I think Luther was about this in his distinction between “deus absconditus” and “deus revelatus” i.e Gud as a not understandable force giving and taking in a way totally without sense from a human point of understanding. In Christ (mainly) however, “God turn his face towards mankind”, and through him God will indeed still not be understandable, but trustworthy — well, for some of us… ;-)

    I would also say that in the view of biological evolution, the “original sin” seen as a some kind of ‘historical’ human fault, is very problematic. (Well, it is still according to the Genesis 3 tail, as God indeed created the snake, but now much more accentuated than before Darwin) If you confess God as creator, you have to also accept God as the creator of death – and evil and suffering as we judge it, likely as a result of death and limited biological resources and predation (and consciousness). I think he is right who said: “For anyone preferring the life as human being before life as an amoeba, death must be treated as a friend”. So we may rightly complain the Creator (if he is) for creating us to suffer and die. But except that suffering and death we do not seem to have been at all – and not complaining!

    So, if you like to confess a God, the choice is to confess a God Creator AND God as the ultimate origin of evil as well, alternately a God who is not creator of this entirely world, but ‘loving’ and ‘saving’ in some spiritual sense. The later option was the one stressed by the Gnostic’s in early Christian time, but very strongly rejected by Christian theologians, who kept the view of God as creator of *this* world and subsequently this world as fragile and suffering, but still holy and good, not evil, in itself. The Christian belief in a coming world without suffering is also a belief in a totally different world than this, and I am not sure that ‘the world to come’ will substitute all the good features of this one, as even ‘time’ is replaced with eternity, and God is all in everything. In that view any thoughts of ours are collapsing and almost every vision of what to come (streets of gold, or whatever) is, as best, just naive. I also think the view of this world as something good in it self, is one of the reasons why science grew at Christian universities from medieval time, and especially sins Aristotle was reintroduced in the 13’th century, and the idea that the ‘visible part of creation’ is relatively independent, and therefore the senses is a source of real knowledge. But that is another story… And I may not have to fight very hard towards the gnostic view on this blog, at least :-)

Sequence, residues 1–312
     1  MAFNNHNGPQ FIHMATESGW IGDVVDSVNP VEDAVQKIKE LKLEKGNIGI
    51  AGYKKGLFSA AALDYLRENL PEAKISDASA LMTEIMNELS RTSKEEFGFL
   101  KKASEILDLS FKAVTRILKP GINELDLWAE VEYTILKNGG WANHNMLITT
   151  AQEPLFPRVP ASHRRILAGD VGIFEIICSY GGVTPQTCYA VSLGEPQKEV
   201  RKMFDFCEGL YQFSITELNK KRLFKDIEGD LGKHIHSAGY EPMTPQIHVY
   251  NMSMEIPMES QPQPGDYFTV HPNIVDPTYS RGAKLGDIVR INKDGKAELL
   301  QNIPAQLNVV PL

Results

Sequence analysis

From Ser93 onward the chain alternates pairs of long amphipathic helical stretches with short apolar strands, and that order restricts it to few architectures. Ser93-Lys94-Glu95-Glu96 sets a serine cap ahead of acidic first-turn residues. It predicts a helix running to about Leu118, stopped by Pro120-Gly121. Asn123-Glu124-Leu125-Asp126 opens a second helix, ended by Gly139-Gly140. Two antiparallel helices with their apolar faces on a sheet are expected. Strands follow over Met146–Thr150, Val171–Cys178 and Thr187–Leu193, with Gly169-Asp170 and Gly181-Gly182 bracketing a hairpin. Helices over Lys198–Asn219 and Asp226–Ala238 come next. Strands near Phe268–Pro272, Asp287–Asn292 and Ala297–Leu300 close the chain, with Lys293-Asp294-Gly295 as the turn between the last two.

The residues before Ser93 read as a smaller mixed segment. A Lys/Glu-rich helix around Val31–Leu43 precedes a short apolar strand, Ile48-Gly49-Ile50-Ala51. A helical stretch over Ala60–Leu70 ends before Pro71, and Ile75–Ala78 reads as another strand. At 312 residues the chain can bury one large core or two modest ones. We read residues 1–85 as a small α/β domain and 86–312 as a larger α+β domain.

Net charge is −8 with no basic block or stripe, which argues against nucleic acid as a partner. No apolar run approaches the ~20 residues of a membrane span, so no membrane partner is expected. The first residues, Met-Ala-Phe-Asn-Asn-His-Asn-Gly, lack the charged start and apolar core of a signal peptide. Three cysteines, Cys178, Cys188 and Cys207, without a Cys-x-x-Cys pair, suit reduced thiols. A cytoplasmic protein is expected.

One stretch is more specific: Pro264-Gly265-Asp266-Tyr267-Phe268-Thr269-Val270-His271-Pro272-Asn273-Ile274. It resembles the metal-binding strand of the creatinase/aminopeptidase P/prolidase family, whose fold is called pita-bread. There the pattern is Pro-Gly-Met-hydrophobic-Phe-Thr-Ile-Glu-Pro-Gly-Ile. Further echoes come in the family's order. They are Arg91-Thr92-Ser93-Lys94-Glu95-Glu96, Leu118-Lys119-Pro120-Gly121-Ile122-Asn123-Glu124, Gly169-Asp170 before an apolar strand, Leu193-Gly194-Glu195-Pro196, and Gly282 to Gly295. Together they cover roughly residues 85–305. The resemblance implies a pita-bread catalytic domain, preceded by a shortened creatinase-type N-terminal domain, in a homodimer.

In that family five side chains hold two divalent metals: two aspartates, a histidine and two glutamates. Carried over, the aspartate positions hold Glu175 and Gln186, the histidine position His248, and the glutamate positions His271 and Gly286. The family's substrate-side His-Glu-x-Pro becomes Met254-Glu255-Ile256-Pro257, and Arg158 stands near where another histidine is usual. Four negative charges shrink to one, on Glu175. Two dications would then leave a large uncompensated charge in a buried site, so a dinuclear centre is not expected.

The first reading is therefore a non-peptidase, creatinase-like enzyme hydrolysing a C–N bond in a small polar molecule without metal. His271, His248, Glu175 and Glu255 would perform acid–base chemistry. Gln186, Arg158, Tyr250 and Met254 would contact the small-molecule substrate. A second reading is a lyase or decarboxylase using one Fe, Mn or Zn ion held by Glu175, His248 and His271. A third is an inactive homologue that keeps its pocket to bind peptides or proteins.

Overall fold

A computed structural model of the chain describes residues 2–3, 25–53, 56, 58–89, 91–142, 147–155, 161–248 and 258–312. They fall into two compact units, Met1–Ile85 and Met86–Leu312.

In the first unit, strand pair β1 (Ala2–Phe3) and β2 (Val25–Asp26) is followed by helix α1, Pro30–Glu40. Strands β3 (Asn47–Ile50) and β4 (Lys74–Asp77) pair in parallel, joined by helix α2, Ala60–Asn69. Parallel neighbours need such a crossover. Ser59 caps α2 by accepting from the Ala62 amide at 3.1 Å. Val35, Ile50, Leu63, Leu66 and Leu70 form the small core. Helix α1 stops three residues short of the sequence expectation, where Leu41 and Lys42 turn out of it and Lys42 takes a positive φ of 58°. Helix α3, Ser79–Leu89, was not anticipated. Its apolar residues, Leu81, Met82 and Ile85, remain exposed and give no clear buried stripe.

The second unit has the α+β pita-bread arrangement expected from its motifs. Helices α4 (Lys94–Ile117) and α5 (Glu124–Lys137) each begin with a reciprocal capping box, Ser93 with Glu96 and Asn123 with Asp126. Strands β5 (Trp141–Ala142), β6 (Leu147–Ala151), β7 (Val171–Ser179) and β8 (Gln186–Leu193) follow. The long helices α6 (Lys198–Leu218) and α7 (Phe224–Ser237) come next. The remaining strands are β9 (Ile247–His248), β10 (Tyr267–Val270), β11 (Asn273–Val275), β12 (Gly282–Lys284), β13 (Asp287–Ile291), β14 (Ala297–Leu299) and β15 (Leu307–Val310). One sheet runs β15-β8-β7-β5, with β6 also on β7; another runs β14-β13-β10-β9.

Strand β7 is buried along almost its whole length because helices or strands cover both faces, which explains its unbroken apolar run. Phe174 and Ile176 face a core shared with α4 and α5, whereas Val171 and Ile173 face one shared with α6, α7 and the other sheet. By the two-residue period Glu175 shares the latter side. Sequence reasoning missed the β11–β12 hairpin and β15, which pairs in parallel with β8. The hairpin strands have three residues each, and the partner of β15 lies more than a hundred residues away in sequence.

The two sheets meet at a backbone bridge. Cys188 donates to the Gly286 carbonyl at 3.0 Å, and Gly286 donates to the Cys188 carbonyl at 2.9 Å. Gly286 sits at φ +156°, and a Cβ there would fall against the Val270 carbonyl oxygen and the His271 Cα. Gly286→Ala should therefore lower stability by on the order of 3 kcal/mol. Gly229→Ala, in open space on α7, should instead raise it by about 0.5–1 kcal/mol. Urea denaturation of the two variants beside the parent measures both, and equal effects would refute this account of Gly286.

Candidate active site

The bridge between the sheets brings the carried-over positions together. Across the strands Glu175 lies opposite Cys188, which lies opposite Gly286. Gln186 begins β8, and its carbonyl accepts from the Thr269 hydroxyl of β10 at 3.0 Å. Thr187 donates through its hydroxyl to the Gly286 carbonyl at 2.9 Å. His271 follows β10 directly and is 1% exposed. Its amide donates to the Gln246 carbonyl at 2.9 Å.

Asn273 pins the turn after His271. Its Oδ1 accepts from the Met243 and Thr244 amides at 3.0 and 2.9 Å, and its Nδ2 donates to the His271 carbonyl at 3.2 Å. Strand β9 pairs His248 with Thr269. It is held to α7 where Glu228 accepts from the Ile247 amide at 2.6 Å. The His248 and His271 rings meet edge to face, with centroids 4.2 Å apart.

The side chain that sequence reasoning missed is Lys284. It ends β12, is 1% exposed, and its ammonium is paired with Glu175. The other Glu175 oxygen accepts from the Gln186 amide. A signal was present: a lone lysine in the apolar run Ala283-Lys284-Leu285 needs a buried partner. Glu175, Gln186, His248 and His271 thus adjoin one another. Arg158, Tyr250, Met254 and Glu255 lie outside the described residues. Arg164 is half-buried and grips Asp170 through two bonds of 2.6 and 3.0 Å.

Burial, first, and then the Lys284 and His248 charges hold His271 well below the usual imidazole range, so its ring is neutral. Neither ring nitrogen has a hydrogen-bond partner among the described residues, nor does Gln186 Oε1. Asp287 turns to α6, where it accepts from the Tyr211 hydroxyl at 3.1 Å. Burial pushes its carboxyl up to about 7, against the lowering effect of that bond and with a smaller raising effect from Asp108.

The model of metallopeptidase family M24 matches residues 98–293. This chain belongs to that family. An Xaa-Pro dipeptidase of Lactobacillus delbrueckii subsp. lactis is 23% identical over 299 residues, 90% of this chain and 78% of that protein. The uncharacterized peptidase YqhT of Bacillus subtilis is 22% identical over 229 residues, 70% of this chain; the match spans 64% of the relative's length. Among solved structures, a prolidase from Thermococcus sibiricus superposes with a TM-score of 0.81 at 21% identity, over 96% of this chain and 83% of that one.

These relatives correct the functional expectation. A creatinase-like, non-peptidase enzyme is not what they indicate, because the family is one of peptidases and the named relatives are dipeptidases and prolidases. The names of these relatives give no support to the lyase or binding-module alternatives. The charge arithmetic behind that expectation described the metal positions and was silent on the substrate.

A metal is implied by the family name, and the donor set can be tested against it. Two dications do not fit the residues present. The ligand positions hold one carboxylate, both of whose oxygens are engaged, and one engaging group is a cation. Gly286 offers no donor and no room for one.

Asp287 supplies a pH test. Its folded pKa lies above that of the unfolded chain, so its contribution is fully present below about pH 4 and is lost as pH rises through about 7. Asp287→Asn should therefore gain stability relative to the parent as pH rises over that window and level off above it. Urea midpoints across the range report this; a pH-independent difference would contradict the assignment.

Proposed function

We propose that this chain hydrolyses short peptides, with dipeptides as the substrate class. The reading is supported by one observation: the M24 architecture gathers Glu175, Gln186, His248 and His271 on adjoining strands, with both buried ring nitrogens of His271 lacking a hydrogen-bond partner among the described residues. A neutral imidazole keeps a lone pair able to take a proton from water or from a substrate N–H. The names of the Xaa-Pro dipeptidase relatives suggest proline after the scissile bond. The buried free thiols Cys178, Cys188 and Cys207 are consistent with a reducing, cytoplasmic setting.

14. #14 Bill Poser
    Prince George, British Columbia, Canada
    November 24, 2012

    As I understand from the comments above, in some forms of Christianity the solution is that G-d is not truly omnipotent. Judaism seems to admit limitations on G-d’s power as well. In our legends there are said to be at any given time 36 “perfectly just men”. When one dies, another is found to replace him. If G-d is unable to find a replacement, the world will come to an end. The possibility that G-d will be unable to find a replacement implies that G-d is not truly omnipotent.

    In contrast, in the dominant forms of Islam, G-d is believed to control every detail. Strictly speaking, devout Muslims within the mainstream do not believe in the validity of physical laws; they may appear to be true, but that is only because G-d chooses to act as if they were true.

  15. #15 Hyperion
    November 24, 2012

    Ahem, perhaps the problem lies in an assumption of a deity who is benevolent and just. On the other hand, a view of God as being vengeful, sometimes petty, with a twisted sense of humor and a horrible temper…well, you know, a lot of things begin to make sense. Perhaps the difficulty with the theodicy question is more closely related to the Christian concept of God as a benevolent and kind healer who forgives all sins of the faithful. Contrast this with the classical Hebrew concept of a deity who would flood entire continents and burn cities to the ground, who would order Abraham to sacrifice his son and then only step in at the very last minute to say “haha, gotcha!” and theodicy seems to be less of a problem.

    Or perhaps a better way to say it, from a sociological standpoint, is that theodicy pops up as religious views change in societies where life is no longer nasty brutish and short, or at least where it is no longer expected to be nasty brutish and short.

  16. #16 Mattias
    November 25, 2012